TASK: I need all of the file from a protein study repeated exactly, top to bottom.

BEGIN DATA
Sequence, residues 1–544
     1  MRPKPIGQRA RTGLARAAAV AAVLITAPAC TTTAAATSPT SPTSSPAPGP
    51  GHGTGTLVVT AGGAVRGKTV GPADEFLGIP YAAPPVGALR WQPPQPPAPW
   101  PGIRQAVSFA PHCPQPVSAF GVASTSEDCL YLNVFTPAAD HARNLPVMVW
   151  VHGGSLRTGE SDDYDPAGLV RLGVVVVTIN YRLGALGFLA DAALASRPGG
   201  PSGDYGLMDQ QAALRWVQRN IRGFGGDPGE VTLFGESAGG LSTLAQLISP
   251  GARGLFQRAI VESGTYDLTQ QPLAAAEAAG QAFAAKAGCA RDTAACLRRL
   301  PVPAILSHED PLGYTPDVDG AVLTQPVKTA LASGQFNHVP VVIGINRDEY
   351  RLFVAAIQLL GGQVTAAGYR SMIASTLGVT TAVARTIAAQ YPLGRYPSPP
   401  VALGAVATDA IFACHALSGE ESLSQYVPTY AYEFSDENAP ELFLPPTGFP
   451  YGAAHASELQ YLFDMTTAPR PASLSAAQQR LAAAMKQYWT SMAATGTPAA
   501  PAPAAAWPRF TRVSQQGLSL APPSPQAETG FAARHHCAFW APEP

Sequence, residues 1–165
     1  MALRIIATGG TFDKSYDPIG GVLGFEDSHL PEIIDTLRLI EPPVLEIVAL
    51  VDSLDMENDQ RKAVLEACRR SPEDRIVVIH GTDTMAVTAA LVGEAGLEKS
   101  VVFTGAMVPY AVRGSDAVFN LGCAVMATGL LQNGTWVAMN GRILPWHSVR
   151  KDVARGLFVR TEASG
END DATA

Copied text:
Sequence, residues 1–544
     1  MRPKPIGQRA RTGLARAAAV AAVLITAPAC TTTAAATSPT SPTSSPAPGP
    51  GHGTGTLVVT AGGAVRGKTV GPADEFLGIP YAAPPVGALR WQPPQPPAPW
   101  PGIRQAVSFA PHCPQPVSAF GVASTSEDCL YLNVFTPAAD HARNLPVMVW
   151  VHGGSLRTGE SDDYDPAGLV RLGVVVVTIN YRLGALGFLA DAALASRPGG
   201  PSGDYGLMDQ QAALRWVQRN IRGFGGDPGE VTLFGESAGG LSTLAQLISP
   251  GARGLFQRAI VESGTYDLTQ QPLAAAEAAG QAFAAKAGCA RDTAACLRRL
   301  PVPAILSHED PLGYTPDVDG AVLTQPVKTA LASGQFNHVP VVIGINRDEY
   351  RLFVAAIQLL GGQVTAAGYR SMIASTLGVT TAVARTIAAQ YPLGRYPSPP
   401  VALGAVATDA IFACHALSGE ESLSQYVPTY AYEFSDENAP ELFLPPTGFP
   451  YGAAHASELQ YLFDMTTAPR PASLSAAQQR LAAAMKQYWT SMAATGTPAA
   501  PAPAAAWPRF TRVSQQGLSL APPSPQAETG FAARHHCAFW APEP

Sequence, residues 1–165
     1  MALRIIATGG TFDKSYDPIG GVLGFEDSHL PEIIDTLRLI EPPVLEIVAL
    51  VDSLDMENDQ RKAVLEACRR SPEDRIVVIH GTDTMAVTAA LVGEAGLEKS
   101  VVFTGAMVPY AVRGSDAVFN LGCAVMATGL LQNGTWVAMN GRILPWHSVR
   151  KDVARGLFVR TEASG